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86,000-Year-Old Human Remains Rewrite History of Human Expansion

Just a couple bone fragments could rewrite our history.

By Cassidy Ward
The Croods A New Age

When The Croods hit theaters in 2013, it provided moviegoers with a comedic window into what it might have been like in the early days of human evolution. We follow a family of indeterminate “cave people” as they encounter an array of wild (and mostly imagined) animals and other environmental threats in search of a new home.

As the story progressed through a sequel and an episodic animated series (now streaming on Peacock!), they encounter not just interesting animals, but other groups of humans who are seemingly different from them. While the events of The Croods are invented and often fanciful, they might not be a wholly inaccurate view of what it might have been like for early humans to disperse across an uncharted planet. Precisely how and when that happened isn’t wholly clear, but a recent discovery from a cave in Laos is shining a new light on the story of early human migration.

Humans May Have Arrived in Asia Earlier Than Expected

Researchers have been digging at Tam Pà Ling cave in Laos, for more than a decade. The findings have been infrequent, but the most recent is a game changer. Over the last decade of excavations, scientists dug seven meters into the earth of the mountaintop cave, looking for evidence of human habitation.

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That’s particularly challenging in southeast Asia, because the climate decomposes bones more easily, leaving the human fossil record in the area painfully sparse.  In total, researchers have recovered seven bone fragments from early humans, most of which date to between 46,000 and 70,000 years ago. Those dates line up with the prevailing narrative of human expansion. It’s widely believed that humans moved out of Africa in a mass exodus stretching between 130,000 and 80,000 years ago.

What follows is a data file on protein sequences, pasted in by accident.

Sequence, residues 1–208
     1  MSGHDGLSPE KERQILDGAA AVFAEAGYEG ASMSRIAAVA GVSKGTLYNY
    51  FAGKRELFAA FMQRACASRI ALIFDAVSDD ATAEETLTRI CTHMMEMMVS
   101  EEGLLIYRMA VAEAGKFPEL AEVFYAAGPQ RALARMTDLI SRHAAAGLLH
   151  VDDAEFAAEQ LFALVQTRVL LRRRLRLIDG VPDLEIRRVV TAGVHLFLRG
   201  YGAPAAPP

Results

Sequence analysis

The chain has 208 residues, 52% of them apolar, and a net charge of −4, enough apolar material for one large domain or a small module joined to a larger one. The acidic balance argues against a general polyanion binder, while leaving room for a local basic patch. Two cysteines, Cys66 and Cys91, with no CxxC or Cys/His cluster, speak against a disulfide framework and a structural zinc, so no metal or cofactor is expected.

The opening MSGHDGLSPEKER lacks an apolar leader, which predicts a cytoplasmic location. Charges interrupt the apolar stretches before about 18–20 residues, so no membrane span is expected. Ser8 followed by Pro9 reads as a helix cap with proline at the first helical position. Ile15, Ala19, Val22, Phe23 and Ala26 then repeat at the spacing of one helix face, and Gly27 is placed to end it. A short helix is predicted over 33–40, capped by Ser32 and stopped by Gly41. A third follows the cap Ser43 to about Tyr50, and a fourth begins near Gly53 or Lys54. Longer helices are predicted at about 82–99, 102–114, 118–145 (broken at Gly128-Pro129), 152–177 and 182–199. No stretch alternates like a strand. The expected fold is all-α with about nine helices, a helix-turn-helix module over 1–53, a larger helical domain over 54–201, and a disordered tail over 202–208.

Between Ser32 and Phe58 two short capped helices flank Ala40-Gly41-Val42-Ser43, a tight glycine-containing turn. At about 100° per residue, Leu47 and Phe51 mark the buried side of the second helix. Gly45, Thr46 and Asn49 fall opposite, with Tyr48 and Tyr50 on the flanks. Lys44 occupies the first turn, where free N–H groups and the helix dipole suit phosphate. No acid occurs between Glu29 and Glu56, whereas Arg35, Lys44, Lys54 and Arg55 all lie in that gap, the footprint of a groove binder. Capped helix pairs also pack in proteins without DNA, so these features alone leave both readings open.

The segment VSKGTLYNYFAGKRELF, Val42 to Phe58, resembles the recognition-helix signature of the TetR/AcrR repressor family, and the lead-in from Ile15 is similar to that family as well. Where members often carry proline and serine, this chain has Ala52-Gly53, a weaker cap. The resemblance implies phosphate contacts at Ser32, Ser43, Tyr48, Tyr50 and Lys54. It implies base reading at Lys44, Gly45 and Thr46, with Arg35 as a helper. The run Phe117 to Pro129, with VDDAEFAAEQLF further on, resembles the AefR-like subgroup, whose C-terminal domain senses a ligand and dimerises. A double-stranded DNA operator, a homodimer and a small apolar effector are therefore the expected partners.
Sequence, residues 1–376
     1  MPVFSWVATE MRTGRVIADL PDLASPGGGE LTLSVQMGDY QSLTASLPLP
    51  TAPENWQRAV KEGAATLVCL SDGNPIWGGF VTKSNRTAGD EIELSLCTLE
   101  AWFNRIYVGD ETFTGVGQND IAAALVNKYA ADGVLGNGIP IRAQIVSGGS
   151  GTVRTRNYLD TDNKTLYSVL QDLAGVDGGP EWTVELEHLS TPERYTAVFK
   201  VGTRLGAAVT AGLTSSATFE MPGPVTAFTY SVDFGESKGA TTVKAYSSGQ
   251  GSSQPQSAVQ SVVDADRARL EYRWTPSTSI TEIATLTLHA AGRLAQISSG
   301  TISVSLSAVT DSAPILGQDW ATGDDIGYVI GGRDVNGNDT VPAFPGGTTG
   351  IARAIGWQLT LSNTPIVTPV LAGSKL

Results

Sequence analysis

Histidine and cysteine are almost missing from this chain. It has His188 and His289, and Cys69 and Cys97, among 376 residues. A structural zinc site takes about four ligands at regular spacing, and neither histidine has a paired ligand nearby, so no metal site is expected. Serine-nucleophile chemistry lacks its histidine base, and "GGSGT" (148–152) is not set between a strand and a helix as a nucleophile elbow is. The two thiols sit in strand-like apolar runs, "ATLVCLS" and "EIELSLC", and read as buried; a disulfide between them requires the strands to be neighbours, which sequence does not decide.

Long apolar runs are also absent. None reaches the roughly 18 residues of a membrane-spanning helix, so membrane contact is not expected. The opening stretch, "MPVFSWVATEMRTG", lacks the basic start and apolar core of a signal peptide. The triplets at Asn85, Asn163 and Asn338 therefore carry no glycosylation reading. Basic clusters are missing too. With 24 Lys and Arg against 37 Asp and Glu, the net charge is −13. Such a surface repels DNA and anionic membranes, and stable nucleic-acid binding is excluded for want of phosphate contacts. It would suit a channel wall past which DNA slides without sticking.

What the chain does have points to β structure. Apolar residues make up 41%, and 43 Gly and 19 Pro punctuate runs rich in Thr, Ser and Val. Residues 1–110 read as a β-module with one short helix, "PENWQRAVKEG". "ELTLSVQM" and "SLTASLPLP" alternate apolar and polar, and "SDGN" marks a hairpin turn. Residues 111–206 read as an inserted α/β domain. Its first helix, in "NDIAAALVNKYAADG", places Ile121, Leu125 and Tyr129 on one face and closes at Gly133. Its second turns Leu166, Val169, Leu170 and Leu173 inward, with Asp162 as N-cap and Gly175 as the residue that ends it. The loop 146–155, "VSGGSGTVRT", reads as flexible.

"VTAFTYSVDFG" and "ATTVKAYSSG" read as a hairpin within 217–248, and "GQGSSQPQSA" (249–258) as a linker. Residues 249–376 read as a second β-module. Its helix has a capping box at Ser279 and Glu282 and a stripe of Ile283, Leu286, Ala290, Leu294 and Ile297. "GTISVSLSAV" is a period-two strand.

Of the fragments found at Tam Pà Ling, five correspond to that narrative, but two newly discovered fragments suggest things were more complicated. A piece of skull and a splinter of shin bone recently discovered at the cave are substantially older, suggesting that humans may have spread more gradually through a number of smaller migrations.

An illustration of the life of the cave dwellers

Researchers used a combination of dating methods, including dating the sediments and animal teeth found alongside the bones. Those combined methods date the skull fragment to somewhere between 70,000 and 77,000 years ago. The shin bone, by contrast, is roughly 86,000 years old, significantly older than the other bones found in the cave.

The characteristics of the bone fragments at Tam Pà Ling also support a more complicated expansion process. While all seven of the bones from the cave are from Homo sapiens, researchers found that the oldest bones have features corresponding to modern humans, while the younger ones have a mixture of features from modern and archaic humans, like a more pronounced brow. It’s possible that early populations of more modern humans started to migrate earlier than other populations, but to find out for sure we’re going to need more data.

Unfortunately, there is no evidence that any of the ancient humans at Tam Pà Ling cave wore living sloths as fashion accessories.

For innovations like that, you’ll have to watch The Croods: Family Tree, streaming now on Peacock!